“Pulutan” in Tagalog means “finger food” or appetizer. Traditionally it is food that you eat with beer or liquor and is usually salty and greasy. Boiled peanuts, kropek (shrimp/fish crackers), chicharon (pork rinds), and isaw (That’s EE-sow, not EYE-saw; marinated & skewered intestines) are a few examples but perhaps one of the more famous and accessible ones is sisig, which is a sizzling mess of pork (traditionally the pig’s head – cheek, ear, snout) and liver, seasoned with soy sauce and kalamansi which is a tiny Filipino citrus fruit.
Most people are grossed out at the thought of touching weird cuts of meat and organs. But this me, and I got a 5 out of 7 in IB-S Biology. I love handling raw meat and examining dead animals. Sometimes the smell is a little gross but I think if you’re gonna eat meat, you should at least know how it’s prepared. I got to witness a goat slaughter in Kenya, and then we ate it for dinner. If they had insisted, I would’ve followed suit and drank some of the blood. Or at least TASTED it. I would have tasted it. Blah blah blah bacteria in the blood…we ate the damn thing and I’m still alive.
Anyway I found this recipe online and went from there. I only sort of followed it… Here is my method:
2 lbs or so pork belly, available at your local Chinese supermarket. Just rub your belly and point to the pork section.
4 large pig ears, also available at Chinese supermarket. Give your ears a tug and the butchers will show you where it is.
1/4 lb or so chicken liver. If you end up with some leftover you can ask your chef boyfriend to make paté with it.
1 medium red onion, diced
3 thai chiles, sliced thinly
1 knob minced ginger
5-6 cloves minced garlic
Salt & pepper
Kalamansi or lemon
1. Bring a big pot of water to a boil. Add salt and black peppercorns, then place the pig ears inside and boil for two hours. Keep an eye on it so that the water level doesn’t get too low – you will need to add more.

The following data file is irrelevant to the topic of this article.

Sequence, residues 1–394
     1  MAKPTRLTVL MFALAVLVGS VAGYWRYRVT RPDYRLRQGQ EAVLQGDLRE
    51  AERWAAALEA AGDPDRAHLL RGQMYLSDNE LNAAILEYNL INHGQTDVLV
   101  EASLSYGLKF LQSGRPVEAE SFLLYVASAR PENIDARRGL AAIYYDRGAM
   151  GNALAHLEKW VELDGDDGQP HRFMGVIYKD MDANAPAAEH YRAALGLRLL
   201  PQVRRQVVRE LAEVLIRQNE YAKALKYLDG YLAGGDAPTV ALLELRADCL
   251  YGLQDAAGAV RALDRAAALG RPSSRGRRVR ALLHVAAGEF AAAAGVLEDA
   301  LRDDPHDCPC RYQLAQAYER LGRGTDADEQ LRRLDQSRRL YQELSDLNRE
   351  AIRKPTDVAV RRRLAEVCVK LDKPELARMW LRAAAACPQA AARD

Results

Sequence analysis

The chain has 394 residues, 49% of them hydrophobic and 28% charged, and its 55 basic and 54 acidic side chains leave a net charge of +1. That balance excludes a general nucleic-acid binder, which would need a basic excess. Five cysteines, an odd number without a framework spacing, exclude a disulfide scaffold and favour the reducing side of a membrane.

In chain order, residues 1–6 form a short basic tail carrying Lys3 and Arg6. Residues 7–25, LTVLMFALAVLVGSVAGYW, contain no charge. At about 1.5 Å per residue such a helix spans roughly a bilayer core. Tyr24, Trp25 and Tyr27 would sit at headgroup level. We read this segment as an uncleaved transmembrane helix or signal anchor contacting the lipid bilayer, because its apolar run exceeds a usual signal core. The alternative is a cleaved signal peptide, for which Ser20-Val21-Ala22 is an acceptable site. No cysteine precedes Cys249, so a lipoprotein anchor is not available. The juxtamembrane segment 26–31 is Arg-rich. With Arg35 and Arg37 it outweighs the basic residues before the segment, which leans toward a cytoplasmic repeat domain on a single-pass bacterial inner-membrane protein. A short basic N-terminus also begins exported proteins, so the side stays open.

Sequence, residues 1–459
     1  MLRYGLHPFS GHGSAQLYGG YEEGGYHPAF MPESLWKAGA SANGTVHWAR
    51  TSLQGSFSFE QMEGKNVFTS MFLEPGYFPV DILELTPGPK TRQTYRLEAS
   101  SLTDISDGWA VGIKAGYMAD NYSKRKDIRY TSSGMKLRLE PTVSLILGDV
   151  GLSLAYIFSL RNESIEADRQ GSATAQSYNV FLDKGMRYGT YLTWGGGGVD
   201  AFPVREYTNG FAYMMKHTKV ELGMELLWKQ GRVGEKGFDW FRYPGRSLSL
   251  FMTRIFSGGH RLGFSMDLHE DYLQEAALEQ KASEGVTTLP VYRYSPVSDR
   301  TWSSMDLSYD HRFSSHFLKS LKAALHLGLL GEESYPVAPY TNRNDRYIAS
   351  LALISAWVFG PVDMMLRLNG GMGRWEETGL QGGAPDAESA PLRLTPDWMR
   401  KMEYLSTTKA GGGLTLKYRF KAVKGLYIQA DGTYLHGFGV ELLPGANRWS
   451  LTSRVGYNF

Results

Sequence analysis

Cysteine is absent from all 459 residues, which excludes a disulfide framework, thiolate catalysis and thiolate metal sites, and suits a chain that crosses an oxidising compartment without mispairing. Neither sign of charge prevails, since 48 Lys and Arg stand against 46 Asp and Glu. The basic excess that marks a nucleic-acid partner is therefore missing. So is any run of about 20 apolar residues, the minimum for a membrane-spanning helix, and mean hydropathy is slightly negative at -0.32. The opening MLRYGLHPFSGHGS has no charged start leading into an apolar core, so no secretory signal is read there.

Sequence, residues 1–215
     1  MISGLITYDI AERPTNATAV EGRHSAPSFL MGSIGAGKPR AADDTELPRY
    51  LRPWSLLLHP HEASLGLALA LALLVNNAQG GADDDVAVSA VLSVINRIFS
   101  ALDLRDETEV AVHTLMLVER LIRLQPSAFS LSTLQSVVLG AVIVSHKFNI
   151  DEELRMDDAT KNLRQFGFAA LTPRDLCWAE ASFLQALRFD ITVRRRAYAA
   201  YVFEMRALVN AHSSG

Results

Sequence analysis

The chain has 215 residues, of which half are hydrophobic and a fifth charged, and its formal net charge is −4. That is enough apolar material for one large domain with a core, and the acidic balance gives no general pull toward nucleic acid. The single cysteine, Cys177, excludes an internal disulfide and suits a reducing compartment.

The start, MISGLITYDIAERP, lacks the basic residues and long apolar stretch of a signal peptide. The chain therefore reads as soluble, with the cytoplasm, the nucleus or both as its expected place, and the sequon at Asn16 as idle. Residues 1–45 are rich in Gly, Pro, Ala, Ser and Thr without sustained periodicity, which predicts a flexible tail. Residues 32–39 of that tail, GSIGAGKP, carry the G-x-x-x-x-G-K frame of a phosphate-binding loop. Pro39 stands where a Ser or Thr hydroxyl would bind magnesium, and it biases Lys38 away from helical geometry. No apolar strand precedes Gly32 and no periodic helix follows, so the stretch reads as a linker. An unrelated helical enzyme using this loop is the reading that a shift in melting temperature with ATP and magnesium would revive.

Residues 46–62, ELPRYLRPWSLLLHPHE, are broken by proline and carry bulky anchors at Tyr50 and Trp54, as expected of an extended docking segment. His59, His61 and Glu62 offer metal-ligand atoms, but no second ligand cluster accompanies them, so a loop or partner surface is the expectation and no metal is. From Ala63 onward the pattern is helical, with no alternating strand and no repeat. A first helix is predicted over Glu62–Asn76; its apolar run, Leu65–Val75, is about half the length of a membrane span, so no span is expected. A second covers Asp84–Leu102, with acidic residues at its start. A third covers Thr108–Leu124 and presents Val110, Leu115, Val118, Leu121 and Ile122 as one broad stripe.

2. Meanwhile preheat your oven to 325. Trim the pork belly (remove the skin and any bones) and cut it into 1.5-2 inch wide sections. Toss with salt, pepper, and soy sauce. Also a little bit of Maggi. Place it on a roasting rack in a roasting tray in the oven for about 30-45 minutes.
3. When the ears are tender, take them out of the water and let them get cool enough to handle. They will be gelatinous and sticky. With a sharp knife cut them into thin strips, about 1/4 inch wide. Toss with some oil, salt, and pepper. Put them in a grill pan to crisp up. You might need to do this in a few batches. When they’ve crisped up, dice them into small pieces.
4. Dice the cooked pork belly and set aside.
5. Clean the chicken liver – there maybe fatty/fibrous bits that will turn sinewy and tough when cooked. Remove these.
6. When you are ready to cook, heat a large pan and add the bacon fat. Add the garlic, and when it turns fragrant, add the ginger.
7. Add the diced pig ears to further crisp, seasoning with Maggi and soy sauce. Also salt and pepper as needed.
8. When the pig’s ears have gotten crispy, add the pork belly. Also the chiles.
9. Add the chicken liver to cook, breaking it up into small bits.
10. Taste for seasoning and adjust as needed.
11. When everything is cooked, turn off the heat and toss the red onion in.
12. Serve with rice, a wedge of lemon, and hot sauce. I like to use Crystal but Tabasco is used traditionally.
The recipe says to mix in a little bit of mayo but that’s not the way I’ve eaten it traditionally, and I opted out.
It came out surprisingly delicious. This is the first time I’ve ever made it, and my first time to handle pig’s ears. Ryan had two servings and wanted me to make garlic rice and heat up the leftovers with a fried egg. For breakfast. We never eat breakfast.
It’s really just the prep work that is a pain because there’s so much of it. But the actual cooking part only takes about 20 minutes. I’d definitely make this again. Best beer food ever. And pork – pork is the best! So many different cuts, tastes, and texture from one animal. I love you, Piggy.